As far as shooting foster type slugs through your rifled barrel, you will not harm it according to my gunsmith.  It will just clog up your barrels' rifling turning it into a smoothbore.  Yes good hard scrubbing with bronze/brass brushes and solvent will clean most of it but micro-specs will remain and can only be seen by a bore sight.  Also remember that foster type slugs are made very slightly undersize in case they're shot through a full choke.  Rifled barrels on the other hand are full bore. This leads to the question of how much spin(where accuracy comes from) is placed on a rifled slug in a rifled barrel?  I can't answer that.  My gunsmith will tell you that the most accurate action/barrel/slug combo custom made by him that he sells is a Remington 870 with a pinned screw in choke barrel, rifled choke tube and a brand of foster type slugs which I do not remember at this time.  He qualifies this set up by stating it's a 100 yard gun ONLY. After 100 yards the accuracy for some unexplainable(by him, I have no clue) reason goes all to hell.  I hope this helps some and good luck.

reKor11
 
Posts: 16
Joined: Sat Jul 19, 2008 1:58 pm

RE: Sabot slugs

Postby reKor11 » Wed Dec 31, 2008 11:41 am

Before I was any wiser, I shot some rifled slugs through my rifled barrel.  While I do not think it did any permanent damage (i still can get solid groups out to 100 yds), it sure left more lead residue than was worth the while.  After just a few shots I had to scrub and scrub with a brass brush to gen my patches to come out clean.  Go with the sabots if your a rifled barrel.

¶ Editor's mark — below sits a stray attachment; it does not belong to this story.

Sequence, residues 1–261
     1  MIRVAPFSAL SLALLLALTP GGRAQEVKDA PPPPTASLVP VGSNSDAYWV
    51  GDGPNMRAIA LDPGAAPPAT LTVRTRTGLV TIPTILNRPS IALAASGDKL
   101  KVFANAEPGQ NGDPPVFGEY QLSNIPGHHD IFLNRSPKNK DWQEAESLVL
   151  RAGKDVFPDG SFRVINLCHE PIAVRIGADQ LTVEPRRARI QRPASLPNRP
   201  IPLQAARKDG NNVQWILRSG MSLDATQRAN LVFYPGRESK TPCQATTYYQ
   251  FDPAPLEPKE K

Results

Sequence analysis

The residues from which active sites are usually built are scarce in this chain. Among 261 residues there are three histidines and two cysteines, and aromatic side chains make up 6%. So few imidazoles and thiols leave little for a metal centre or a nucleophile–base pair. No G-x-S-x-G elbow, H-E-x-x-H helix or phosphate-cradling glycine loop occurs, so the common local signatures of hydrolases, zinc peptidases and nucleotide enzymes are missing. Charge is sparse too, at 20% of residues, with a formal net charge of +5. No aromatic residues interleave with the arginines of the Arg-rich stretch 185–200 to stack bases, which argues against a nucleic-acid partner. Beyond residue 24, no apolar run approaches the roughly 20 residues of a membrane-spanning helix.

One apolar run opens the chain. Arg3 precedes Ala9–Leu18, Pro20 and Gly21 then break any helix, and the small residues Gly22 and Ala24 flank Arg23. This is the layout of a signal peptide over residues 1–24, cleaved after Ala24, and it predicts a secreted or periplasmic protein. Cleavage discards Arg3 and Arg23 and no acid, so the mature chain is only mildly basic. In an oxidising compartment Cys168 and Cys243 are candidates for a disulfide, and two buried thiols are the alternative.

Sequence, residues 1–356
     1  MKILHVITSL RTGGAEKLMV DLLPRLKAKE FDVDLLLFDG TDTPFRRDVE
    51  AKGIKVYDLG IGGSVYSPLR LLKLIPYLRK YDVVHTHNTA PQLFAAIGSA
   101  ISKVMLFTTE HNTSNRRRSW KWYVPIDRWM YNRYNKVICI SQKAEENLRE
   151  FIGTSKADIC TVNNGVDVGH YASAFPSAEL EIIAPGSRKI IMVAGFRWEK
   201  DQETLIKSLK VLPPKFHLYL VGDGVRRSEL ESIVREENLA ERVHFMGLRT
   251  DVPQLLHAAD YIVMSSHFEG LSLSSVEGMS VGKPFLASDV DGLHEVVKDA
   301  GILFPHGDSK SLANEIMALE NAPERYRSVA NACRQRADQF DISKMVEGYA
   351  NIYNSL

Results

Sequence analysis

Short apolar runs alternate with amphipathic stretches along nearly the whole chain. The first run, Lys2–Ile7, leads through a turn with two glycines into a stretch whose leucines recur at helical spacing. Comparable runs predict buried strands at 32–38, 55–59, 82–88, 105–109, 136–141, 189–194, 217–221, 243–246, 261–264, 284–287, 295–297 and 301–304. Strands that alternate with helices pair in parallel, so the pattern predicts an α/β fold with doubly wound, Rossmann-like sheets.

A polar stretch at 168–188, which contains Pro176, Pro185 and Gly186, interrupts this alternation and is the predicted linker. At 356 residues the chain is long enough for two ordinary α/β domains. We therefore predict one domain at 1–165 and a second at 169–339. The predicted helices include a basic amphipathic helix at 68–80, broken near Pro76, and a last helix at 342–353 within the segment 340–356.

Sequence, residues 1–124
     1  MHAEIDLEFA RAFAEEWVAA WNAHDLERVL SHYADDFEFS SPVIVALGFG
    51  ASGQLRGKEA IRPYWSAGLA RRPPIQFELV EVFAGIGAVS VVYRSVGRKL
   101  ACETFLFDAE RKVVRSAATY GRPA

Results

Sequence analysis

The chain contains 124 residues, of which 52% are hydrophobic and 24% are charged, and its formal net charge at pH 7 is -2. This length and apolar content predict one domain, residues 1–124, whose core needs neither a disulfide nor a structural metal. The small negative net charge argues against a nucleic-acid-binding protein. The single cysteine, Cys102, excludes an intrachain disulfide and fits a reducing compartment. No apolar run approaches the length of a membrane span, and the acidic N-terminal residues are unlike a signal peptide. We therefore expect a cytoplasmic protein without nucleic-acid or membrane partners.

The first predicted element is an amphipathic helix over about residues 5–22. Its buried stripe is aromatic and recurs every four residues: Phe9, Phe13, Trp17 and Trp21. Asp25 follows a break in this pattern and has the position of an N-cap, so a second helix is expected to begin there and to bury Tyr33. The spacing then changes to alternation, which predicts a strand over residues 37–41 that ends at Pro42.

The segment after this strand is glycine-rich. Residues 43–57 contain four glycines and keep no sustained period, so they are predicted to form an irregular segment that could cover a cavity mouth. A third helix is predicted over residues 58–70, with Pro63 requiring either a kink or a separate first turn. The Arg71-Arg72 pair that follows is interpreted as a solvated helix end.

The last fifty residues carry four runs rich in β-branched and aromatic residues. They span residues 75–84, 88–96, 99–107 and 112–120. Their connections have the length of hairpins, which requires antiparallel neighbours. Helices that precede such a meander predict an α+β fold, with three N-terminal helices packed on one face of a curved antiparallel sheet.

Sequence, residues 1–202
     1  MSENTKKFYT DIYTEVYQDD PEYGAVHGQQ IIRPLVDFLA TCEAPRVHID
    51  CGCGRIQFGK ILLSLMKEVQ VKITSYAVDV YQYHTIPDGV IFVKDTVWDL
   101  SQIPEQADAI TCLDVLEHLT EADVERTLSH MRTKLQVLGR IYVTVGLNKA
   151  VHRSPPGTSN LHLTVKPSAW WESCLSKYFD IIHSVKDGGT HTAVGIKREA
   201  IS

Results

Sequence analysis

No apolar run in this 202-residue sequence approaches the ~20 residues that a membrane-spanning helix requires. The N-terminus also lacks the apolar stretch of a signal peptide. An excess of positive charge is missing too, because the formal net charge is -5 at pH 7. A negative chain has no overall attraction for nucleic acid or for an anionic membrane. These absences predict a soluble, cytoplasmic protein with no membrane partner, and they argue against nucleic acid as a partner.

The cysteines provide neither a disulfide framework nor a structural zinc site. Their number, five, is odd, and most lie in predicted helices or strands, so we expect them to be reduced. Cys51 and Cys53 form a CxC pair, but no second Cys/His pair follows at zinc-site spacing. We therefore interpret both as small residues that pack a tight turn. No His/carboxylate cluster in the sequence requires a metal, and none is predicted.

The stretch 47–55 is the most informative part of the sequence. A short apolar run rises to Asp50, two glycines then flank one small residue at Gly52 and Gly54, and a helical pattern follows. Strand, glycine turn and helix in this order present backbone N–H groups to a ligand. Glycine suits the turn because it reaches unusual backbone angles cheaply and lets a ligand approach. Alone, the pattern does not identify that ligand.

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mag30079
 
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RE: Sabot slugs

Postby mag30079 » Wed Jan 07, 2009 8:57 am

beagleman23,
 
Which Federal Barnes Expanders are you using? I looked them up and it looks like there's 2 kinds???
I want to try these out as well as the Hornadys and the winchester.

beagleman23
 
Posts: 202
Joined: Tue Nov 25, 2008 3:46 am

RE: Sabot slugs

Postby beagleman23 » Thu Jan 08, 2009 11:55 am

Mag--
 
Federal makes several lines of sabot slugs and the boxes look almost identical.  You have to look for 'Barnes expanders' on the front of the box which is a projectile made by Barnes bullets that Federal loads in one of their sabot lines.  It's total copper(no lead core) and performs great on deer.  I shoot the hollow point 3" in both my 12 ga and 20 ga as opposed to the plastic tipped.   They do not shoot out of my Benelli.  They do come in 2 3/4" but all my chambers are 3" and that's what my gunsmith recommended.  The newer 20 ga sabots are 5/8 oz as opposed to the original 3/4oz which I have.  They shoot better out of my gun.  The plastic tipped expanders are very expensive but a number of people report good accuracy with them.  I haven't tried them as I have a stock pile of the originals.  Good luck.

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mag30079
 
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RE: Sabot slugs

Postby mag30079 » Fri Jan 09, 2009 4:29 am

Beagleman,
 
I saw the hollow points and the plastic tipped and wasn't sure. All the custoner reviews online say the hollow points out perform the plastic tips. I'll give the hollow points a try in the spring.
 
I went back and read your posts several times and didn't even think of bringing cleaning supplies to the range with me or letting my barrel cool between shots, I got to focused on the shot it self.
 
Thanks for the wealth of knowledge